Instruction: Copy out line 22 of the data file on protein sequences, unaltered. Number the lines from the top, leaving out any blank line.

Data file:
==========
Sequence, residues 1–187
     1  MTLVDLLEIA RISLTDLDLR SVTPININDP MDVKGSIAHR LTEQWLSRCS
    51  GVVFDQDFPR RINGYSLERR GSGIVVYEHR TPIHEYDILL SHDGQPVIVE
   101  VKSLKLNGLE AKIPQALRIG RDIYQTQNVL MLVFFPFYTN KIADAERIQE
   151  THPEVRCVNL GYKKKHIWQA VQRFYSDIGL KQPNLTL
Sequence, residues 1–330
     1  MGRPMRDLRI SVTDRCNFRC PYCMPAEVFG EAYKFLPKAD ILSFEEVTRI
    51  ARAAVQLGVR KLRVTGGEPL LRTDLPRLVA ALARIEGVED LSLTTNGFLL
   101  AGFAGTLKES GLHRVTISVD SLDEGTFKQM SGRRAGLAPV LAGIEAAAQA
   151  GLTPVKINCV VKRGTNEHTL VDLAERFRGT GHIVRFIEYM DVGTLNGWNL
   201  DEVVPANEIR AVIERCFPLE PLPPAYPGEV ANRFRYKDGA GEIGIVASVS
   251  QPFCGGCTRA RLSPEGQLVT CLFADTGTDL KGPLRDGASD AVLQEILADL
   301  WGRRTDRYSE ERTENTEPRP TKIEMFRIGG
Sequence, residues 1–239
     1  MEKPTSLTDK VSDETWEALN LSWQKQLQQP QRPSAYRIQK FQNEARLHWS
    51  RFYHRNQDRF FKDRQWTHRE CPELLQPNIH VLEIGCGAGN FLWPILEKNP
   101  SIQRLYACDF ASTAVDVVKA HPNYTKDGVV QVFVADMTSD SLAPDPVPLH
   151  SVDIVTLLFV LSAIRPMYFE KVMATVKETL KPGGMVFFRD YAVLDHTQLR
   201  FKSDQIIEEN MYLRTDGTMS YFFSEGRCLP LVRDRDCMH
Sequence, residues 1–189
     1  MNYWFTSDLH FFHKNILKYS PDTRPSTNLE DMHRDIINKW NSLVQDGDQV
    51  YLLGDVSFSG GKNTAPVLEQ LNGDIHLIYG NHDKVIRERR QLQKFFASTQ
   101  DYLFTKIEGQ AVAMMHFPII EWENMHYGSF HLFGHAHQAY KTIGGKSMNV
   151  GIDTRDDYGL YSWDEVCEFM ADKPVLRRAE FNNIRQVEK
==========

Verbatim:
    51  YLLGDVSFSG GKNTAPVLEQ LNGDIHLIYG NHDKVIRERR QLQKFFASTQ